A 1983 poster offering a reward for information about Alicia Ann Carter’s murder.

Although Hill had never been charged with murder, one notable aspect of his M.O. was his tendency to cluster crimes. For example, Hill raped three women in one apartment complex between October 1978 and January 1979. A similar cluster appeared at another apartment complex a decade later. The same could be said of Goucher College.

There was another detail in the article that screamed out to me.

Police never learned how Carter got from the library to the college campus. I knew Hill was a “hack,” or an unofficial taxi driver in the area. He could have offered her a ride. That is one way he stalked women, and it could explain why nobody saw her walking back to campus or home from the library.

Police denied my request for the Carter file when I made it in February, saying the case was still unsolved. I hit the same dead end with the medical examiner’s office. They would not release autopsies from open cases.

So I inquired with the police. Had they ever looked at Hill as a suspect in the Carter case? Her murder was not on a list I had seen before of crimes linked to Hill. I asked police whether there was still DNA from her case that could be tested, and whether they knew Hill was a hack who had raped women in and around campus.

In early June, more than three months after I requested the Carter case file, I was told that I could come in to read it. The case had just been closed.

I sat in the police headquarters law library and opened the hefty case file. I saw the Baltimore County state’s attorney’s letterhead with Alphonso Hill’s name on the front page.

Shellenberger explained that he had offered Hill immunity for the murder and other rapes he admitted to that day because Hill’s release date was already not until 2084 and it was unlikely he would ever set foot outside prison. He would be 95 by 2047, when he’d be up for parole, which Shellenberger said he would oppose.

“Closure was more important than a conviction, which will not really add any time,” Shellenberger said. “He’s going to be in jail for the rest of his life.”

Shellenberger added that knowing that the perpetrator is locked up is especially important for families’ and survivors’ sense of security. Wendell Carter, Alicia’s older brother, said that for years, he worried about the perpetrator finding and killing him as well. Now he knows that the man who killed his sister is behind bars.

According to his confession, Hill told police he had offered Carter a ride from the library. Carter fought him as he made advances in his car. He doesn’t remember what he did with the knife. He moved her body to a place he was familiar with on the Goucher campus.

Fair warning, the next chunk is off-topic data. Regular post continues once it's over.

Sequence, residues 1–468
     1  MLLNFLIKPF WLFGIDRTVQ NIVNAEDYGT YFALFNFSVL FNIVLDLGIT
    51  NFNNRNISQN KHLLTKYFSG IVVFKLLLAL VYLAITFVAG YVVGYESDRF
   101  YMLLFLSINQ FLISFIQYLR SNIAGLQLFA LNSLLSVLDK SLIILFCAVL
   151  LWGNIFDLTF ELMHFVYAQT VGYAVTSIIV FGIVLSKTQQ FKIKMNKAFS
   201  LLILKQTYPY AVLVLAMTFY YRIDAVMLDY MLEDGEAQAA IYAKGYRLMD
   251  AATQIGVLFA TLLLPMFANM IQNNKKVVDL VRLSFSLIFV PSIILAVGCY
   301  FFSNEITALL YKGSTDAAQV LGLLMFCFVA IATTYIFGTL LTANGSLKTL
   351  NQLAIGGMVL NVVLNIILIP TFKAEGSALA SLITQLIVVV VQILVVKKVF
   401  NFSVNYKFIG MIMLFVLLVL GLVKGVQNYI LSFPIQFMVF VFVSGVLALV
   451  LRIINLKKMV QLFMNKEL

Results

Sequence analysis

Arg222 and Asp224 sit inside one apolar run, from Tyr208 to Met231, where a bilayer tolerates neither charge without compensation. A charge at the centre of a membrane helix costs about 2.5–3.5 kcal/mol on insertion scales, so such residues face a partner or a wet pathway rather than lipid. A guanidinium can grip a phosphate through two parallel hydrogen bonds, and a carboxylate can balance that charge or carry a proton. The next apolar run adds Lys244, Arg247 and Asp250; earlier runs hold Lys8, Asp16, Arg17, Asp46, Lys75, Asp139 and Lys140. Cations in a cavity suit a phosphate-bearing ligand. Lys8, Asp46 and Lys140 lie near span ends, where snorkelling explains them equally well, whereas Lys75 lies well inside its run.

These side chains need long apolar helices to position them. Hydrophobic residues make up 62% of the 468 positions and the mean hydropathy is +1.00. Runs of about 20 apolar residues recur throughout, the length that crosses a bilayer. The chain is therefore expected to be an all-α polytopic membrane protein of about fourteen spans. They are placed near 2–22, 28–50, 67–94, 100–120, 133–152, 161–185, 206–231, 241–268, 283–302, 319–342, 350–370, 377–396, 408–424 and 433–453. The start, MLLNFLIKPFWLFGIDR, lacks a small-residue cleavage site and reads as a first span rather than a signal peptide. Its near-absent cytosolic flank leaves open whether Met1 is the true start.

As I looked through the Carter case file, it was clear how extensive and frustrating the police investigation had been.

They had multiple suspects and conducted hundreds of interviews. The Baltimore Colts (Maryland’s professional football team at the time) had been training on campus. Police checked their whereabouts, the whereabouts of those working with them and those of all of Carter’s acquaintances. Nothing panned out.

How many other victims could there be?

A historic trove of evidence at the Greater Baltimore Medical Center could yield more crucial clues. Several DNA slides from that collection, which was saved by Dr. Rudiger Breitenecker, had proved Hill was a serial rapist. Most of the slides from more than 2,200 rape examinations remain untested, though police said they intend to test and investigate everything.

However, that evidence does not include DNA from murder victims in unsolved cases.

Three months after Hill killed Carter, he raped Laura Neuman, the survivor featured in the “48 Hours” episode, in her apartment at gunpoint. She lived three miles away in the city. Police didn’t process a latent fingerprint obtained that night until nearly 20 years later. When they did, it matched Hill, who had continued to terrorize women across Baltimore.

Confronted with the evidence in 2002, Hill confessed and said at the time that it was an aberration. He had never done anything like it before or after. Neuman never believed him, and she later helped other survivors as they sought justice against him. Today, she said she is “completely sure” that there are other slides at GBMC that contain Hill’s DNA.

The Carter family is glad that the case was finally solved.

“I think we all had long given up any hope of her murder being solved,” said Alfred Carter. “I only wish our mother were still alive to hear.”

This is my last dispatch … for now. I will be following this story as police continue testing the evidence. Please don’t hesitate to reach out with any tips, questions or thoughts through ProPublica or directly to me through my Twitter account, @cdrentz.